August 26, 2012
To the Honorable Members of the
97th General Assembly:
I would like to commend the General Assembly for their important work on Senate Bill 3442. I pledge to continue working with lawmakers on this issue in the coming months.
Senate Bill 3442 creates a statewide plastic bag and film recycling program to reduce the number of bags and films that end up in our landfills each year. Specifically, the bill requires manufacturers to register with the Environmental Protection Agency and develop a recycling plan. Units of government nationwide have realized the growing problem of plastic film, which accounts for approximately 4% of waste in landfills. Only 3% of the 500,000 tons of plastic waste produced every year is currently recycled. Plastic bags are too often found tangled in trees, littering waterways, and harming wildlife. We must enact policies that prevent pollution and safeguard our communities and natural resources. As Governor, I am committed to preserving our environment for future generations.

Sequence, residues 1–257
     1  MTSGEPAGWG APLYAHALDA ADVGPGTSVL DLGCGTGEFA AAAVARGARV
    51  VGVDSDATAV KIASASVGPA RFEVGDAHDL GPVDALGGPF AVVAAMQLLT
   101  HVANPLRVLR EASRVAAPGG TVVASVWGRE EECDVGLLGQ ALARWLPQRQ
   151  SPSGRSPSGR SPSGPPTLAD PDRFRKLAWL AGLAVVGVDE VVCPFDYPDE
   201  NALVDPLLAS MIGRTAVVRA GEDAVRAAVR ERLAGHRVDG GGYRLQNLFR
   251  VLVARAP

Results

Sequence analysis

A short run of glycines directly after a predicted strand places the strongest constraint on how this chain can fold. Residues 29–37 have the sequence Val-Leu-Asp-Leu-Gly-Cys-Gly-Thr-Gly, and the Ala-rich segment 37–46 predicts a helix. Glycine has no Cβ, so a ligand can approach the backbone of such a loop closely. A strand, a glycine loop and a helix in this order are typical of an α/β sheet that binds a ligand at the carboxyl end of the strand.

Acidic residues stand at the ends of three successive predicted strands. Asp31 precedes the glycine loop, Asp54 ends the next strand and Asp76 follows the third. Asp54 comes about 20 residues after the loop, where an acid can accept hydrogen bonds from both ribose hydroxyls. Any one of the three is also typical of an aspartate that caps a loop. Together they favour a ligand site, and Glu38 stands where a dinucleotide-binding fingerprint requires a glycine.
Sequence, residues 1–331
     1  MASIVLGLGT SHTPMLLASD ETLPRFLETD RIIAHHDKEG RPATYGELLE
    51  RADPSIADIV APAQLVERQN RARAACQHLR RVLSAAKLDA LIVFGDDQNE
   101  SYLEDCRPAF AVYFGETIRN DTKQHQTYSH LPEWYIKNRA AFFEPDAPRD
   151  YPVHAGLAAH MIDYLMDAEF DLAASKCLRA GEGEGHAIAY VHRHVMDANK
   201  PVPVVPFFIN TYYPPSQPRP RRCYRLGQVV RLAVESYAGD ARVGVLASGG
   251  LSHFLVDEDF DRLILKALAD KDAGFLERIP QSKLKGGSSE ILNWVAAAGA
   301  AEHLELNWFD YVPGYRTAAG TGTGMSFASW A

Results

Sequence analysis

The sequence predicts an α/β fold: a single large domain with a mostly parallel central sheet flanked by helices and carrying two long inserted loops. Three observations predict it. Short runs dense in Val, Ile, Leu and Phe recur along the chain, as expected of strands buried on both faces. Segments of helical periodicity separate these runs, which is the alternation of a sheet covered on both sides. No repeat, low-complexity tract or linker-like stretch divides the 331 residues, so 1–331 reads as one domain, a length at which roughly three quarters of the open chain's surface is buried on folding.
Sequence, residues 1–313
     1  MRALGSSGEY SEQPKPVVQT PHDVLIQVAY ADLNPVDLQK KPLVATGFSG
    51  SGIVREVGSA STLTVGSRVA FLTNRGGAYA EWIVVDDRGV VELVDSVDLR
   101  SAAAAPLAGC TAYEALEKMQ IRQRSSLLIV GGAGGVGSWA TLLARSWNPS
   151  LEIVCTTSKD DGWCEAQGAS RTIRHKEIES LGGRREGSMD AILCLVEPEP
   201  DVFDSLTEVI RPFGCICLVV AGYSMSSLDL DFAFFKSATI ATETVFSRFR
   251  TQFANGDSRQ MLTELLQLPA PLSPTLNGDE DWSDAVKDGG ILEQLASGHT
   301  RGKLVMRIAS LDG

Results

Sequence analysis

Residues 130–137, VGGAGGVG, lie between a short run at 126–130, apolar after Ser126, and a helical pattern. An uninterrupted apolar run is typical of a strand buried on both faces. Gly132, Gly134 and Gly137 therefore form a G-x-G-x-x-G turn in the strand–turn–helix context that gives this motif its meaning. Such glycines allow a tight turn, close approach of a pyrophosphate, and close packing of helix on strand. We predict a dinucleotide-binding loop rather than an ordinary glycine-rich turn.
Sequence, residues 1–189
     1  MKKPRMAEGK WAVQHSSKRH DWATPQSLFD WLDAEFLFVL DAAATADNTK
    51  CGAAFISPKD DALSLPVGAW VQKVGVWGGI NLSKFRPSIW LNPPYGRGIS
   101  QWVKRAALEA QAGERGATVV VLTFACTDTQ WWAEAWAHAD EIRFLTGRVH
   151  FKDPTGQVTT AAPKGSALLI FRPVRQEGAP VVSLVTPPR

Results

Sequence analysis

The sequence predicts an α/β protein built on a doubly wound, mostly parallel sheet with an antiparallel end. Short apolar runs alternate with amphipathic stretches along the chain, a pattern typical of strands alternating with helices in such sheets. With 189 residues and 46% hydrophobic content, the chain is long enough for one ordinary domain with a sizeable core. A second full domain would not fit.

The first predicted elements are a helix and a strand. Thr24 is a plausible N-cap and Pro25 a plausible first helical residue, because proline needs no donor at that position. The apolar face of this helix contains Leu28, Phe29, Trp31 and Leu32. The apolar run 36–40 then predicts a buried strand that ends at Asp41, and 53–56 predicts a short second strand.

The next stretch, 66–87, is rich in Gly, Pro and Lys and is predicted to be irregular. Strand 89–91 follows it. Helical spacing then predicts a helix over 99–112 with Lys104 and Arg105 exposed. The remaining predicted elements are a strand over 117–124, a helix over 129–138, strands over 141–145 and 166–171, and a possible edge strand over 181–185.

Since this legislation was sent to me, many interested parties have raised important concerns regarding its potential effects. While I agree with the intent of the legislation, I share concerns that this program would not increase the rate of recycling beyond the natural growth. Local authorities and the environmental community strongly oppose this program because the metrics are simply not aggressive enough and home rule preemption prevents more stringent local regulation. This bill is more restrictive on municipalities than any other plastic bag regulation in the country, which creates a roadblock for locals to choose the policies that fit the needs of the area. Communities throughout the country experienced great success with different types of policies, as can be seen in the numerous municipalities in California that enacted an outright ban on plastic bags.
Local governments deserve the ability to enact environmental health laws that best respond to their communities. This bill hinders further opportunities to realize even greater benefits from other types of municipal plastic film regulation. I look forward to reviewing future policies that will bring Illinois to the forefront of sustainability.
Therefore, pursuant to Article IV, Section 9(b) of the Illinois Constitution of 1970, I return Senate Bill 3442, entitled “AN ACT concerning safety.”, with the foregoing objections, vetoed in its entirety.